Also next year, an outstanding event of national and international importance when the Queen will celebrate her Diamond Jubilee. It is an anniversary that will be observed not only in this country but also in every part of the world where she is rightly regarded with great affection and held in such high esteem. There can be no greater occasion to express our enormous admiration for her achievements and all that she has done for our country.

I want to begin by thanking you for inviting me here today. I can’t help feeling that you may have been surprised that I accepted – I certainly was. When it comes to the press, you have probably guessed that my motto is ‘No news is good news!’

But I wanted to take this opportunity of talking about something that matters deeply to me but which I feel sometimes goes unnoticed, and that is to celebrate what is best about Britain.

Oh yes, I know I will be accused of indulging in nostalgia, of regretting the passing of a time that is gone forever and, some will say, never really existed. But I want to assure you that neither nostalgia nor regret play any part in what I want to talk about. On the contrary, I want to draw attention to the here and now, to British virtues as I encounter them on a daily basis.

I am happy to say that I can begin with something enormously positive. In the last two or three years, there has been a concerted and I think a hugely successful effort to honour and support our armed services. The young men and women who dedicate their lives to defending us come, as you well know, from all walks of life and from every part of the United Kingdom and cannot be praised enough. I have the good fortune to meet and talk to them often and I never fail to be impressed by their decency and integrity. Their commitment to our well-being is - or should be - an inspiration to everyone of us. And it has been encouraging to read in the papers and to see on television honour being paid to their role in society. As examples of what is splendid about our country they cannot be bettered.  And there are other outstanding examples of heroism and selflessness - stories that would remain hidden if not for our newspapers’ tradition of uncovering and celebrating the daily triumph of those who battle against the odds - and win. We have only to watch The Mirror’s Pride of Britain and The Sun’s Millies awards to feel humbled and compassionate. These are, of course, events that receive national publicity, but up and down the country local and regional newspapers celebrate success within their communities and campaign for issues vital to their readers.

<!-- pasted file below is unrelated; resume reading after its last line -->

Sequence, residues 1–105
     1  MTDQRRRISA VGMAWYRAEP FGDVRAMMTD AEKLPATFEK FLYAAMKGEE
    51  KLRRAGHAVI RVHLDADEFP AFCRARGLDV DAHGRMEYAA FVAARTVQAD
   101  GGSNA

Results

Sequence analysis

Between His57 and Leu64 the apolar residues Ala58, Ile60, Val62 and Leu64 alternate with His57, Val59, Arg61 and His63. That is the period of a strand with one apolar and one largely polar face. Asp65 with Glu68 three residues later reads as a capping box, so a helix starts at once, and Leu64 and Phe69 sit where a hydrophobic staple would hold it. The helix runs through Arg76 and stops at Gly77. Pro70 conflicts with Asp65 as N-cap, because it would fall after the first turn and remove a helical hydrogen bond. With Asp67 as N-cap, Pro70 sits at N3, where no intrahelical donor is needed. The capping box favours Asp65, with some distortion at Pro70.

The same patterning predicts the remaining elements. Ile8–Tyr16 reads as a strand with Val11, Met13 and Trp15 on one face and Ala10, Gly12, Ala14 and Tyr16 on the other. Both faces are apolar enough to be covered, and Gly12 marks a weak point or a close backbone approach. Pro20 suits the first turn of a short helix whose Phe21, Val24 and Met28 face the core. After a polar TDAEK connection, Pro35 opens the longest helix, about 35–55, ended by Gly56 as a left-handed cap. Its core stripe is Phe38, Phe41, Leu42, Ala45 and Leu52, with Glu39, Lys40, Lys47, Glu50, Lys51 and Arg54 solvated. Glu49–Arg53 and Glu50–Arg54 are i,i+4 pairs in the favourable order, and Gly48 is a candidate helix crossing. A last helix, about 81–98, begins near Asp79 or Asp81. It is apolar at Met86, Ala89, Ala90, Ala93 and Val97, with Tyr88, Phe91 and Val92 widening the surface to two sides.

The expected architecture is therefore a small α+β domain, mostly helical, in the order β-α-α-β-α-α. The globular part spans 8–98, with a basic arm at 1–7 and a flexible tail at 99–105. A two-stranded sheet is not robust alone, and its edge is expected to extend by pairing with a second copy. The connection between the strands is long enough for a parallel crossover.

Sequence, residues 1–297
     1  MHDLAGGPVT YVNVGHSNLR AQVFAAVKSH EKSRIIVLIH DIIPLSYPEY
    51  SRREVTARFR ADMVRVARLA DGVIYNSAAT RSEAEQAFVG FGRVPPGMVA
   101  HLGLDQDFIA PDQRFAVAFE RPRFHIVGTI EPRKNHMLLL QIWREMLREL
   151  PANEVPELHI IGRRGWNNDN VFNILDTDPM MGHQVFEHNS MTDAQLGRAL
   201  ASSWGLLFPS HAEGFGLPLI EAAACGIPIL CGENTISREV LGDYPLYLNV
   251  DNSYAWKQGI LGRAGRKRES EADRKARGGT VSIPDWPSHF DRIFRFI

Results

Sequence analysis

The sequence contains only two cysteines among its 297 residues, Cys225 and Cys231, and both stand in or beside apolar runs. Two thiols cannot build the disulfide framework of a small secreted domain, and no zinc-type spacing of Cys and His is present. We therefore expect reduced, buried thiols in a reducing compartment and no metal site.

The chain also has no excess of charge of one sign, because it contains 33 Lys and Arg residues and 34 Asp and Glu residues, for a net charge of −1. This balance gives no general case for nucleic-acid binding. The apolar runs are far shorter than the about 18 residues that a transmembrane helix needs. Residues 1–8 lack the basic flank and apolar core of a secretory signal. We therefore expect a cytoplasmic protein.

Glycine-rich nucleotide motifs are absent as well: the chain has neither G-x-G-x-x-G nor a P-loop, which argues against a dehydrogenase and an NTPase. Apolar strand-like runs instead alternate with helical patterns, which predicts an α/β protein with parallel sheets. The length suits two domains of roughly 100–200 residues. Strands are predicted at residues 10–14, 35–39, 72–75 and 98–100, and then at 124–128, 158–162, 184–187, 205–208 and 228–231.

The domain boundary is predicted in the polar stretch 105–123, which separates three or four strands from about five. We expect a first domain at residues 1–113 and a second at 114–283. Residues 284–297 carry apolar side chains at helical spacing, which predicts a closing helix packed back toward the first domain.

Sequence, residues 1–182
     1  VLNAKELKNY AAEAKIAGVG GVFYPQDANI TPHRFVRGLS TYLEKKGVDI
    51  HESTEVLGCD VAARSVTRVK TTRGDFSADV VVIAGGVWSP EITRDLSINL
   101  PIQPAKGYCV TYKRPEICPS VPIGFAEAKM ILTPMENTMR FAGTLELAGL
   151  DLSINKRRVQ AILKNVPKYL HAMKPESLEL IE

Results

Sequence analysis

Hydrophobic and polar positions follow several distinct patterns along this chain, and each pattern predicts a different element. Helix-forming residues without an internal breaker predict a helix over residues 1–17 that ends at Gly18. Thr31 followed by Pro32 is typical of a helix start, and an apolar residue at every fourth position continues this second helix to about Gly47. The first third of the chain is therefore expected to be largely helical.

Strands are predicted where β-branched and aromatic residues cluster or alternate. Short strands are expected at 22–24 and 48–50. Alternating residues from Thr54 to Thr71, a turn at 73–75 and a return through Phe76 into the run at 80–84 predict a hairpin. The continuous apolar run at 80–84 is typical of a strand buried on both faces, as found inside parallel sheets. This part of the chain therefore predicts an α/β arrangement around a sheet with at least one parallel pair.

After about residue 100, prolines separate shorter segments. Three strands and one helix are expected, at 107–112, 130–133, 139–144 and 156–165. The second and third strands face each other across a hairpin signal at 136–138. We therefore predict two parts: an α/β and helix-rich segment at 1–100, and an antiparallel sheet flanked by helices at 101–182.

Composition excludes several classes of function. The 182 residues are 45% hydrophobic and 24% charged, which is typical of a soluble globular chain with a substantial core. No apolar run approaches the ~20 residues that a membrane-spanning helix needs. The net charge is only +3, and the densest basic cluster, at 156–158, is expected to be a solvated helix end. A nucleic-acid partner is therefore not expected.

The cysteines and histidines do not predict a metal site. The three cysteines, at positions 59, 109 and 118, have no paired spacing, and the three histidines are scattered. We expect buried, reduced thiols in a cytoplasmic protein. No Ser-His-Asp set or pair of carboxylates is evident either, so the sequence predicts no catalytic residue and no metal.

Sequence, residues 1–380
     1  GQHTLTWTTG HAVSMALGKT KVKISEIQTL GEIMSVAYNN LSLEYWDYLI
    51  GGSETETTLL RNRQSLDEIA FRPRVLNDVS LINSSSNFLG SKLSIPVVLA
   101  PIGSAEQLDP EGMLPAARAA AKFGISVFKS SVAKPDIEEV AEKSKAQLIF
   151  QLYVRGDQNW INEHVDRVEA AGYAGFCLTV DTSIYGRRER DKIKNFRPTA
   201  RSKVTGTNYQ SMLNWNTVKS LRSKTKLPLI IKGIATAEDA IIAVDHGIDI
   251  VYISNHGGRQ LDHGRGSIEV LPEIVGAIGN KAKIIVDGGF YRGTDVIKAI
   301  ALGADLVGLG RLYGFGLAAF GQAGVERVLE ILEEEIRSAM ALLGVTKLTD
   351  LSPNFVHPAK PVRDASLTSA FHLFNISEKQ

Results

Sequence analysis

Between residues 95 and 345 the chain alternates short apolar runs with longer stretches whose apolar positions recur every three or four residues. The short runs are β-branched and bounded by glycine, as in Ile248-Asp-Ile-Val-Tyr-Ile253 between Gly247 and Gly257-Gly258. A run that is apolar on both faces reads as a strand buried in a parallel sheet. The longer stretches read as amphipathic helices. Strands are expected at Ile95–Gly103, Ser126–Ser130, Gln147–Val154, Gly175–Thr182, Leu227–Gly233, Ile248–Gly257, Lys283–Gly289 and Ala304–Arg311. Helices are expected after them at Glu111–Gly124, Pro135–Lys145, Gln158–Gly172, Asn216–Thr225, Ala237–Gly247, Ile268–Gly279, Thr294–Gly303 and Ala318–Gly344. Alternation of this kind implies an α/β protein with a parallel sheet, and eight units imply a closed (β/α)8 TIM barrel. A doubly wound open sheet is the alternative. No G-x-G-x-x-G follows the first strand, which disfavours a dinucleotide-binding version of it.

And when we talk of courage, I want also to pay tribute to the foreign correspondents – to the cameramen and the photographers - who operate all over the world - every minute of the day and night -and often in the most difficult and dangerous circumstances. It is they who make us vividly aware of the tragedies and triumphs of those beset by natural disasters or by political upheaval.

Of course, you might expect me to extol the virtues of celebrating our successes. But I also take enormous pride in our ability to question, debate and criticise all aspects of our society. I believe passionately in freedom of expression. I believe freedom of expression, so long as it doesn’t contravene the law, or offend others, to be at the heart of our democratic system. In this, you play a vital, if not pivotal role. But just one note of caution: in our right to speak freely, please let us not become too politically correct, because surely political correctness is as severe a form of censorship as any. 

And what about our ability to laugh at ourselves? The British sense of humour has, I’ve always thought, drawn its inspiration from a generosity of spirit. Yes, it can be ridiculous, and cutting, naughty and incisive, affectionate and subversive, but there is a tendency now to publicize only cruel jokes directed at easy targets. We are a tolerant society. We are still renowned the world over for our sense of fair play. We champion the underdog. These are British virtues and virtues that ought now, especially now, to be celebrated.

Now, Ladies and Gentlemen, during these austere times there are opportunities approaching which will provide an ideal platform to launch a sustained campaign to honour our country with pride and without apology. We have already witnessed a huge display of patriotism at a certain wedding the other week, which I am told was watched by 2 billion people all over the world. It provided, I believe, a much needed boost to our sense of well-being and, I’m sure you’ll agree made us proud to be British.  And next summer, London will be hosting the Olympic Games when this country will come under relentless scrutiny and you will have the task of making the world even more aware of what is best about Britain - our gift for hospitality - our generosity - our freedom of spirit.

Also next year, an outstanding event of national and international importance when the Queen will celebrate her Diamond Jubilee. It is an anniversary that will be observed not only in this country but also in every part of the world where she is rightly regarded with great affection and held in such high esteem. There can be no greater occasion to express our enormous admiration for her achievements and all that she has done for our country.

There is nothing shameful in expressing pride in our values and accomplishments. And I assure you that I am very well aware that you know far better than I do what makes news and what doesn’t. I do know that dog bites man is not news, but these days we seem to have an awful lot of men biting dogs and that’s simply not British.